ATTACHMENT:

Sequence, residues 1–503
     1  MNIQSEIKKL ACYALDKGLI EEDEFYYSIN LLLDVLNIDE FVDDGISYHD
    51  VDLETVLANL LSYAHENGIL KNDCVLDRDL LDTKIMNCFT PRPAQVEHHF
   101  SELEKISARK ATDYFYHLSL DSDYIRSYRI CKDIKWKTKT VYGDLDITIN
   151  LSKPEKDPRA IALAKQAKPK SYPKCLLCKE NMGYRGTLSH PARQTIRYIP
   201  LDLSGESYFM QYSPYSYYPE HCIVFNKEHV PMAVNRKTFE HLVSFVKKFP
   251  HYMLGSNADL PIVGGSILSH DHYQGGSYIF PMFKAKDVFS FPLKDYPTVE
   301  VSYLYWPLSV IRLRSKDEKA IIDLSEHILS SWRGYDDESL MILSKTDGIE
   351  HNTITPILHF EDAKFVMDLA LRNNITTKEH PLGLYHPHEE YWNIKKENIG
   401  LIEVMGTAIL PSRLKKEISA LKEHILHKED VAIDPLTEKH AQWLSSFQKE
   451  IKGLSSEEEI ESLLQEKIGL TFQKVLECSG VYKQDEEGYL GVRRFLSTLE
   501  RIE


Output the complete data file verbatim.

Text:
Sequence, residues 1–503
     1  MNIQSEIKKL ACYALDKGLI EEDEFYYSIN LLLDVLNIDE FVDDGISYHD
    51  VDLETVLANL LSYAHENGIL KNDCVLDRDL LDTKIMNCFT PRPAQVEHHF
   101  SELEKISARK ATDYFYHLSL DSDYIRSYRI CKDIKWKTKT VYGDLDITIN
   151  LSKPEKDPRA IALAKQAKPK SYPKCLLCKE NMGYRGTLSH PARQTIRYIP
   201  LDLSGESYFM QYSPYSYYPE HCIVFNKEHV PMAVNRKTFE HLVSFVKKFP
   251  HYMLGSNADL PIVGGSILSH DHYQGGSYIF PMFKAKDVFS FPLKDYPTVE
   301  VSYLYWPLSV IRLRSKDEKA IIDLSEHILS SWRGYDDESL MILSKTDGIE
   351  HNTITPILHF EDAKFVMDLA LRNNITTKEH PLGLYHPHEE YWNIKKENIG
   401  LIEVMGTAIL PSRLKKEISA LKEHILHKED VAIDPLTEKH AQWLSSFQKE
   451  IKGLSSEEEI ESLLQEKIGL TFQKVLECSG VYKQDEEGYL GVRRFLSTLE
   501  RIE